Thursday, February 12, 2009

Sauerkraut, Snakes and the Vertical Chase

This month, Looser than Loose released "Hamddenda 1" as a supplement to their 2006 five-disk collection "The Lost Magic of Lloyd Hamilton." The new set includes seven shorts, including Moonshine, The Simp, Prized Puppies, The Reformation of Ham, Whirlwind of Whiskers, Ham's Whirlwind Finish and A Sauerkraut Symphony.

The Reformation of Ham (1914), the oldest comedy of the bunch, features Hamilton shortly before his successful teaming with diminutive sidekick Bud Duncan. Hamilton, wearing a soup-bowl haircut, is a burly, harddrinking sailor who tends to get combative with shipmates while inebriated. His shipmates, determined to stop him from drinking, hide snakes in his bunk to make him think his drinking is bringing on terrible hallucinations. Hamilton, who has a short companion he kicks around, seems to be limbering up his legs muscles for the kicking he would soon be inflicting on Bud.

Whirlwind of Whiskers (1917) is a Ham and Bud comedy. Ham thinks he has the investigation skills to track down a counterfeiter wanted by the police. Clues lead him to a barbershop. Ham, intending to go undercover, pulls a shaggy wig out of his pocket and slaps it on his head before proceeding into the establishment. The wig, unfitted and unstyled, looks like sod sitting on top of his head. The highlight of the comedy is a vertical chase scene - police chasing Ham and Bud down a hill, up a fire escape, down a long flight of stairs, and up a different fire escape. The police end up falling through a skylight and dropping straight down into the room below. Ham and Bud, happy to have been able to escape arrest, hold onto each other as they skip off into the sunset.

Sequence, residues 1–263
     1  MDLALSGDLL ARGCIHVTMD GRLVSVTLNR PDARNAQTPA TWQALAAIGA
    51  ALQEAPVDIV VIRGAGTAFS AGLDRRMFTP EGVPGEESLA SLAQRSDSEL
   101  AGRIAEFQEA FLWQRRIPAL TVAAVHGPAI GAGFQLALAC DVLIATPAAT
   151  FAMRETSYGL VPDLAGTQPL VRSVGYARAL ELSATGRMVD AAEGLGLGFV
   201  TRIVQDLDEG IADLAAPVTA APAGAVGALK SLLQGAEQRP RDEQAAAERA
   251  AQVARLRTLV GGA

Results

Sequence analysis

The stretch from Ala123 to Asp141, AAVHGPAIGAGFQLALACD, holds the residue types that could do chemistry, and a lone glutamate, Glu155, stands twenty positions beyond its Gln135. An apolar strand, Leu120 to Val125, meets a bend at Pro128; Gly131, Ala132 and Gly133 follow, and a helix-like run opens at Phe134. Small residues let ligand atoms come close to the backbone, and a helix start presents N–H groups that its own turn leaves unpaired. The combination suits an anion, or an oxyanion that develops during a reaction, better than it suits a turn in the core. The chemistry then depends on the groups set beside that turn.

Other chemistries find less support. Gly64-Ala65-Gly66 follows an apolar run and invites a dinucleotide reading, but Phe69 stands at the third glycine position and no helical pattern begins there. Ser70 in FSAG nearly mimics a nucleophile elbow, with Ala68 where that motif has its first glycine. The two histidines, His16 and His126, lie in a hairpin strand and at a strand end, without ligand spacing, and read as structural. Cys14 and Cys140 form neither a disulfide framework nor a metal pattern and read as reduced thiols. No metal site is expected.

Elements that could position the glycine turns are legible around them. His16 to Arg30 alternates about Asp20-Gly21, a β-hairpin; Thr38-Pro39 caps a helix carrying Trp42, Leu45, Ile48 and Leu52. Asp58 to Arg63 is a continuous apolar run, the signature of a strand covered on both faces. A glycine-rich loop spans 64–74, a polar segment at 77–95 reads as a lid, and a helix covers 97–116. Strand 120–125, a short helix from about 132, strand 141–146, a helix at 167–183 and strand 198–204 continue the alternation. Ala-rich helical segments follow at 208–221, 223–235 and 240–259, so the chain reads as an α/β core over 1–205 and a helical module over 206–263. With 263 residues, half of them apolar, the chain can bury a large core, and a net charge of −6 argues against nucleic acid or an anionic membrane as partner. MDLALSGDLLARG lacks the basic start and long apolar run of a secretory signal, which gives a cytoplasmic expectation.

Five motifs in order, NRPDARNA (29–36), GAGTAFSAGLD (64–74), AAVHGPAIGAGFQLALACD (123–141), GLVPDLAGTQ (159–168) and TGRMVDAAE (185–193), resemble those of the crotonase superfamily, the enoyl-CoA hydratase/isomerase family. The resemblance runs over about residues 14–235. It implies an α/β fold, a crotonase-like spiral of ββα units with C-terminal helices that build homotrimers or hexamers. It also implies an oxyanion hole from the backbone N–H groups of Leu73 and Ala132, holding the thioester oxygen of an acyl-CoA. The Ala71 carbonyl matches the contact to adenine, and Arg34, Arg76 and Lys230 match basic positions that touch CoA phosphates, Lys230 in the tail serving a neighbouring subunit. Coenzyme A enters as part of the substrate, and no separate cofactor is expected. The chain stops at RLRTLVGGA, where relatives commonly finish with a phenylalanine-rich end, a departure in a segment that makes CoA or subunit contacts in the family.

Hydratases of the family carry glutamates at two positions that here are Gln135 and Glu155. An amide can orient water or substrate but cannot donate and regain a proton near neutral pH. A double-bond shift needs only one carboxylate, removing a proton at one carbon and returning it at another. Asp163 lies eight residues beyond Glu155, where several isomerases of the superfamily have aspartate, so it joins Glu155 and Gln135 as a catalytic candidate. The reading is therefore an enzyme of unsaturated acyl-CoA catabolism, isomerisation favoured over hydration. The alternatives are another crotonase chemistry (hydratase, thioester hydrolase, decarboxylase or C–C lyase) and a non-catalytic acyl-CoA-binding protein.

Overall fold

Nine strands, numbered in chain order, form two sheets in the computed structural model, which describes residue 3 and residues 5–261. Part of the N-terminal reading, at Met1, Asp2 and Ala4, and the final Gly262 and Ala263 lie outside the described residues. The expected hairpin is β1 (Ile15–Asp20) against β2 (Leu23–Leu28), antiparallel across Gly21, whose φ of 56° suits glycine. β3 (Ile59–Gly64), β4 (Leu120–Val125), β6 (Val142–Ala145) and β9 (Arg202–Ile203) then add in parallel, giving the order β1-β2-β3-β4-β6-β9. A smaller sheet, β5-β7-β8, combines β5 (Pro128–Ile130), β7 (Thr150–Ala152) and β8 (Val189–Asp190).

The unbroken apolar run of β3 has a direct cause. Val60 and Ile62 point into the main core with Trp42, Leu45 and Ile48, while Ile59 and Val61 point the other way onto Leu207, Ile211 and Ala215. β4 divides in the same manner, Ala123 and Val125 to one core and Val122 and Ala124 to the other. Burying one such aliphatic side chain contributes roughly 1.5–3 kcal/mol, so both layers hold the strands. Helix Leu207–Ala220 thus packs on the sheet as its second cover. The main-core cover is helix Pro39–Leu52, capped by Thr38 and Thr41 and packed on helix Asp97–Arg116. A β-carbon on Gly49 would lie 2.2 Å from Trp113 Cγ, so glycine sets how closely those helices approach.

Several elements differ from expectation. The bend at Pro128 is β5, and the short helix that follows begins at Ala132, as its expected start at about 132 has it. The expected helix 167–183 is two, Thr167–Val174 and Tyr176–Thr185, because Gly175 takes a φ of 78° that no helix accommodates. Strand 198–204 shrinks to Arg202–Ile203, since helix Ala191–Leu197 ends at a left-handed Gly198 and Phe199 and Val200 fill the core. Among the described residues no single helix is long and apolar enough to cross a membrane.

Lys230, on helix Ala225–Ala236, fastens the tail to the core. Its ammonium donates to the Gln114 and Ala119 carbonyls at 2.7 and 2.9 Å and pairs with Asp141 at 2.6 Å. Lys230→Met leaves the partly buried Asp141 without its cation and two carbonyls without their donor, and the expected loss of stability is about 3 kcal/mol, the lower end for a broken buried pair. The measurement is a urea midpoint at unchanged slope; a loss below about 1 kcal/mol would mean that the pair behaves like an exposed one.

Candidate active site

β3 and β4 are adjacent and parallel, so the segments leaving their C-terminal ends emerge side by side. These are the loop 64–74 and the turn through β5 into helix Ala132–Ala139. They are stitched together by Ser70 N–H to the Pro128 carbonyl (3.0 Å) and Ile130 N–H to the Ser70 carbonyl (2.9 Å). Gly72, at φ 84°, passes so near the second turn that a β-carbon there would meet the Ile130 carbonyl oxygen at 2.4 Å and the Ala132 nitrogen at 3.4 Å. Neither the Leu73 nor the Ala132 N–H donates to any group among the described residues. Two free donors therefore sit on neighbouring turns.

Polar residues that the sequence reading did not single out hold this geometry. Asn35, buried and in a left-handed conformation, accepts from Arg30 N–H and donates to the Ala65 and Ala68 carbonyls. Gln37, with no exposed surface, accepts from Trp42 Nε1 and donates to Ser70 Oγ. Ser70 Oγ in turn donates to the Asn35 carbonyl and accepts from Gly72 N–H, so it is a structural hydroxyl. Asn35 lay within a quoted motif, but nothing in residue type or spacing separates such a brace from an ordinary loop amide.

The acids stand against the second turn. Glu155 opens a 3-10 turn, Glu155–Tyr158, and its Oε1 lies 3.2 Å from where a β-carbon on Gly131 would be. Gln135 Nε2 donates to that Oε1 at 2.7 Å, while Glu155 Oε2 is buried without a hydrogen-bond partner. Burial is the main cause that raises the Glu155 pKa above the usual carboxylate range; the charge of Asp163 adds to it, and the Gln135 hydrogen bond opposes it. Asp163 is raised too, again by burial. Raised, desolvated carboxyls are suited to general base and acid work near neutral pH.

A Sauerkraut Symphony (1916) features the misadventures Ham and Bud have while running a sauerkraut factory. Factories had been in the news at the time that this comedy was made. Factory workers had been forming unions and demanding improvements in wages and working conditions. The government had been conducting investigations and initiating legislative reforms since the catastrophic fire at the Triangle Shirtwaist Factory in 1911. This comedy, which focused on bomb-toting union agitators trying to convince Ham and Bud to strike, was no doubt influenced by the extensive news stories. The conditions in the sauerkraut factory are certainly not ideal. Ham is chopping up cabbage, bits of which go flying in several directions, while Bud is using a pitchfork to mix sauerkraut in a pair of barrels. At one point, Bud slings soppy sauerkraut from one barrel to the other. The whole time, sauerkraut is splashing on the walls and windows. Ham climbs inside a barrel and stomps around to help mix the contents. The cinema has rarely presented a more nauseating scene. Leatherface's meatlocker is more appealing to the senses. The factory's safety conditions are as inadequate as its sanitary conditions, which is revealed when Ham and Bud get into a brawl with one another. The brawl ends with Ham nailing Bud into a barrel and rolling him down a hill. OSHA would not approve.

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